The Chicago Bulls are going to look very different compared to recent years, as they head into the 2016-2017 NBA season with a weirdly put together team, led by Jimmy Butler on the court and Fred Hoiberg on the sidelines, while Dwyane Wade and Rajon Rondo arrive, still unclear if to help or to provide unwanted distractions.
If one could find a line to describe this season from a preseason perspective, “delaying the rebuild” might be a good way to label it. After missing the playoffs with injuries and failures on the court and off of it with Hoiberg, Butler, Rose and others, the Bulls had a chance to start something new completely, around Butler or without him. They chose somewhere in between. Rose and his bad contract were shipped to the New York Knicks, Dwyane Wade made his hometown return and Rondo will try to further establish himself as a good presence in the locker room, and a point guard that’s not just interesting in padding his assist numbers. Interesting additions, but also the kind that can cause problems.
Clearing house wouldn’t have been just a roster thing: Gar Forman and John Paxson would have been gone too. And they wanted to roll the dice with a retool, which unless something very surprising happens, will lead to the same spot in about two years. Wade isn’t on a long term deal, and doesn’t have much time left in the NBA. Rondo right now seems like a soldier of fortune more than anything else. You could do a lot worse, but he’s no one ideas of a franchise point guard at this point.
But the changes don’t just include this new big three, stubborn about Butler being the leader of this team. Noah, who was the leader of this team for a long while, is gone to join Rose on the Knicks. He and Hoiberg didn’t get along from the moment Hoiberg decided he’ll be coming off the bench, and in any case, he missed most of last season with an injury. His defense and presence will be missed, but he did become almost unusable offensively, so maybe it’s for the best. Gasol left for the Spurs, hoping to win a championship there. Dunleavy, who didn’t come back too well from his injury, will try to add some experience and shooting to the Cavaliers.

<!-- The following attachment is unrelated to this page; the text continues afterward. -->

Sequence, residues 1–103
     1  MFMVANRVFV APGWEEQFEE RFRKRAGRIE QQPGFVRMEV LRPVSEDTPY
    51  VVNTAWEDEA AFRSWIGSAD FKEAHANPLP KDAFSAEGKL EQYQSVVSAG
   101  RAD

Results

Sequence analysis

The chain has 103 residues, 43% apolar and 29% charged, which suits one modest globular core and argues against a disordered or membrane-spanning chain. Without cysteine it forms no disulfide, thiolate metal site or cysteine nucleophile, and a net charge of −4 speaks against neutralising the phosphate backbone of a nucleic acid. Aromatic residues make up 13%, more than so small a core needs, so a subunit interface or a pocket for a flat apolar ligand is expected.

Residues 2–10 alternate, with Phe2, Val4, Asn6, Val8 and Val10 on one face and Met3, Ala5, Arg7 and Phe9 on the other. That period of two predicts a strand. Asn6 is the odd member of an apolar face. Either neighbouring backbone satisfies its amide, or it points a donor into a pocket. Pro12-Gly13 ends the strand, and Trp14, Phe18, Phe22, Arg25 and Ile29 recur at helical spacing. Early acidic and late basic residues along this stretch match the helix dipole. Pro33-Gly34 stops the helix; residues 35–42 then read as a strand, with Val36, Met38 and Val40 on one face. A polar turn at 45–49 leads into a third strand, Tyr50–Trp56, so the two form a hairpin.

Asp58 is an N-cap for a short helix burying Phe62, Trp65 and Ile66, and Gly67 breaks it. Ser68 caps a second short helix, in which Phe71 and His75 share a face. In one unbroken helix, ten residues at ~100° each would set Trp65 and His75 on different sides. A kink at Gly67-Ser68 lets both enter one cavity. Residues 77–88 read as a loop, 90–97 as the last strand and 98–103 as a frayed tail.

Lopez isn’t the scorer Gasol is, or the defender Noah is when healthy, but he’s a solid player to have at center on both ends of the floor. Jerian Grant was terrific in college and didn’t get enough opportunities with the Knicks. He should be able to show a little bit more with the Bulls. And Valentine, the AP Player of the year in 2016, coming in after four seasons at Michigan State, can be a terrific addition, but he seems like a player who will need more than a season to truly fit in, just like Bobby Portis.
Acquisitions: Denzel Valentine and Paul Zipser in the draft; Rajon Rondo, Dwyane Wade & Isaiah Canaan in free agency; Spencer Dinwiddie, Robin Lopez, Jerian Grant and draft rights via trades.
Departures: Pau Gasol, Joakim Noah, E’Twaun Moore, Aaron Brooks in free agency; Derrick Rose, Justin Holiday, Mike Dunleavy Jr. in trades.
Best Case Scenario
Despite the easily spotted problems in this roster, everything clicks. Rondo doesn’t cause any problems, Butler thrives as team leader, Wade replaces Rose as the hometown legend in Bulls uniform, and Hoiberg finally gets to see an offense that’s more to his liking, while getting more respect from players. Nikola Mirotic and Doug McDermott become consistent all of a sudden. Portis turns into a meaningful piece of the puzzle, Taj Gibson overcomes losing Noah as his partner, and Tony Snell can move easily between the 2 and 3, while we’ll finally see a lot more small ball from the Bulls, who can put on some very big lineups, especially in the 1-2-3 positions, which might be difficult to deal with. Playoffs? Expectations are always high in Chicago, no matter who is playing. But I assume making the conference semifinals, and obviously going further, will be a success, at least from a short term perspective.
Worst Case Scenario
There can be a number of bad scenarios for the Bulls, and not making the playoffs could be the least of their worries, although a blessing in disguise with the draft picks it brings. However, the Butler-Wade-Rondo-Hoiberg connection is volatile, and if it ignites, the Bulls will suffer. Forget about not making the playoffs. A bad year in the locker room could simply mean scrapping the whole thing and starting from nothing. Remember who long it took for the Bulls to get from Michael Jordan’s final season in 1998 to being a contender in 2011? That’s the worst case scenario. Rebuilds don’t always work.